As Chandra Mohanty suggests in “Under Western Eyes Revisited: Feminist Solidarity Through Anti-Capitalist Struggle” (2003), how one teaches is just as important as what one teaches when it comes to practicing anti-racist, anti-colonial, and intersectional feminist pedagogies (517). At a moment when many post-secondary instructors are developing remote or hybrid courses for the first time, the question of how we teach is an especially urgent one. This interactive workshop is a starting point for developing strategies for creating accessible, inclusive, and active remote classrooms that can be used across disciplines.
The workshop will be held on Zoom on August 11 3:00-4:30pm EDT and will use the chat and breakout room features. Participants will also be asked to work collaboratively on a Google Doc. If you have any questions about using these platforms, please let us know by emailing email@example.com or firstname.lastname@example.org.
In preparation for the workshop, please complete the following Google Form and, if possible, return your answers to us by the end of the day on Friday, August 7th: https://forms.gle/Jm1sakr3K24TeD4H8
This form will also serve as an RSVP – A Zoom link for participation will be sent to all who fill it.
Some best practices for online meetings:
- When you join the Zoom meeting, please:
- Add your pronouns to your username by clicking on “Participants” on the toolbar, your name, add your pronouns next to your name, and click “rename” to save.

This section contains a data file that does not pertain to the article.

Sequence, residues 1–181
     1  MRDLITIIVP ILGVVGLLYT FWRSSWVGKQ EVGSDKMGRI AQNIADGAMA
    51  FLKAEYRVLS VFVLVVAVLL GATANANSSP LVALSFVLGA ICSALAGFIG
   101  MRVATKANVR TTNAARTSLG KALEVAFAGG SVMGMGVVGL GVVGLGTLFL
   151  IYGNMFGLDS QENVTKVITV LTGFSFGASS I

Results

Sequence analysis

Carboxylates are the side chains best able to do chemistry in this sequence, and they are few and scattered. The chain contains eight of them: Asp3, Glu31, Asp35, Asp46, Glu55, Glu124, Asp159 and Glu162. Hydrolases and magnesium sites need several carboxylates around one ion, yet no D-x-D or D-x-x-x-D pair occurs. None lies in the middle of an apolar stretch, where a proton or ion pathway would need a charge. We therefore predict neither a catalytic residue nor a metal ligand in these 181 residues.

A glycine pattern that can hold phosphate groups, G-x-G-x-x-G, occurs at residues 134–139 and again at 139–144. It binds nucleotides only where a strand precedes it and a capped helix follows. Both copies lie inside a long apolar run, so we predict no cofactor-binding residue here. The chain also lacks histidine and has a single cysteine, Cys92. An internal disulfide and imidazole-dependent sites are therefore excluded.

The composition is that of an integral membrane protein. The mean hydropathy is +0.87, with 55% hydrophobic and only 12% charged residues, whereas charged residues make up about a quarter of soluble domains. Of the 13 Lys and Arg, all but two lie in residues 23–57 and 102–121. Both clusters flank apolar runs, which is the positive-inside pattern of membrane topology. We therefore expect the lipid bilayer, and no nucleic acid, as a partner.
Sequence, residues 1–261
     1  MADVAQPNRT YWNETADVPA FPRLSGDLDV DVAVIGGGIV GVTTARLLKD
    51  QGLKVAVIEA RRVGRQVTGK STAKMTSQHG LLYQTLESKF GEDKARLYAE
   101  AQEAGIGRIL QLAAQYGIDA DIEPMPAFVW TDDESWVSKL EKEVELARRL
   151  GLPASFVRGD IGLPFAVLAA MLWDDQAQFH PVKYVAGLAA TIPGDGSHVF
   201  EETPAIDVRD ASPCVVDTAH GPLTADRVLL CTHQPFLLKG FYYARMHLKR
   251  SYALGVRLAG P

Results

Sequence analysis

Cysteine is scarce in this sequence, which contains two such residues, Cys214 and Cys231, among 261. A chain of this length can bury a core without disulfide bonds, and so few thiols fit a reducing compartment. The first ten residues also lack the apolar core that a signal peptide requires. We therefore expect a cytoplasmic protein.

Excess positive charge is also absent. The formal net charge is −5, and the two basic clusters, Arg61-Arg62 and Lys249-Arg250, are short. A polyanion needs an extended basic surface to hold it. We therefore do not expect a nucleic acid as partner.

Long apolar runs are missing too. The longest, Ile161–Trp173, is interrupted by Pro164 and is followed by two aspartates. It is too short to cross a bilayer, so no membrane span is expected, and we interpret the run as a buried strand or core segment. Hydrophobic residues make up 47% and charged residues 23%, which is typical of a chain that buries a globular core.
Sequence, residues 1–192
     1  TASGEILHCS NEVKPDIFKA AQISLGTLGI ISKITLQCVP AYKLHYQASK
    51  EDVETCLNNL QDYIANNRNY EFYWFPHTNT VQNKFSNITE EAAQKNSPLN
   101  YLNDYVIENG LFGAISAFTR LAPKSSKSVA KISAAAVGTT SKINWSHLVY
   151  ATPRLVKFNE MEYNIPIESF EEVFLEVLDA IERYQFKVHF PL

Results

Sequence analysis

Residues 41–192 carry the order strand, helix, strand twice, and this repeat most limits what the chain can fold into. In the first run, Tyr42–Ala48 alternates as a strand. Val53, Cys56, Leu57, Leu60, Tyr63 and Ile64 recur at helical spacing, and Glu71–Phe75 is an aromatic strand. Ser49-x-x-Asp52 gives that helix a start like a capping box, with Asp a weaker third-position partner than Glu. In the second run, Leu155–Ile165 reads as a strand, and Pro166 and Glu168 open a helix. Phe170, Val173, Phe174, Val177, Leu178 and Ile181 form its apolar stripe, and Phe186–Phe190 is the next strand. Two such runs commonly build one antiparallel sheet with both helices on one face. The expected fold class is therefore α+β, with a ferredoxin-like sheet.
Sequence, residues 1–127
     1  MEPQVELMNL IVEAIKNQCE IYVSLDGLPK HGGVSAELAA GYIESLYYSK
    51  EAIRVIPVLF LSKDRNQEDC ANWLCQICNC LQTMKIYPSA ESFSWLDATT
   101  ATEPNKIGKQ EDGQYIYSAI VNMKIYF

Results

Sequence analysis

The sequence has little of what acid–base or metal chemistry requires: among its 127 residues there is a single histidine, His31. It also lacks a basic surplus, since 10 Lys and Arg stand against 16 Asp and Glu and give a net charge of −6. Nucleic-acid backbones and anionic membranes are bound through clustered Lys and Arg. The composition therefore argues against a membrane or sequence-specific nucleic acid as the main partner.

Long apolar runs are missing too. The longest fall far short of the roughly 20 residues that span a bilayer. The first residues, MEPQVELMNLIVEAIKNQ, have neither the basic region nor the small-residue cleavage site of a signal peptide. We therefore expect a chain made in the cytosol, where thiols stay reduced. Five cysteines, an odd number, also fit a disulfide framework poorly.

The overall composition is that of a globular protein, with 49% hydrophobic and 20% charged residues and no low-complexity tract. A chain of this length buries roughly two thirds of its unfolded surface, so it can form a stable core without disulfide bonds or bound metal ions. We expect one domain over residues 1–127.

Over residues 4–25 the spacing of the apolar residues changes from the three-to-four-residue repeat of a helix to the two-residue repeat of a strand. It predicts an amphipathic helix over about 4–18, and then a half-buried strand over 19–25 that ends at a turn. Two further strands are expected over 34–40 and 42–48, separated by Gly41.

- Use the chat function to introduce yourself.
- Make sure your microphone is on mute when you are not speaking.
- Feel free to use the chat function at any time to ask questions or make comments.
We look forward to meeting you all soon.
About the workshop leaders:
Jen Kennedy and Johanna Amos are professors in the Department of Art History and Art Conservation at Queen’s University. Their collaborative work in SoTL-Art History focuses on accessibility, openness, and fostering an inclusive art history. They are core members of Open Art Histories, a collective of art history, visual arts, and museum studies professors from across Canada, focused on building a generative and supportive national network for addressing the pressing pedagogical challenges confronting these fields.
Attendance is limited to 100 participants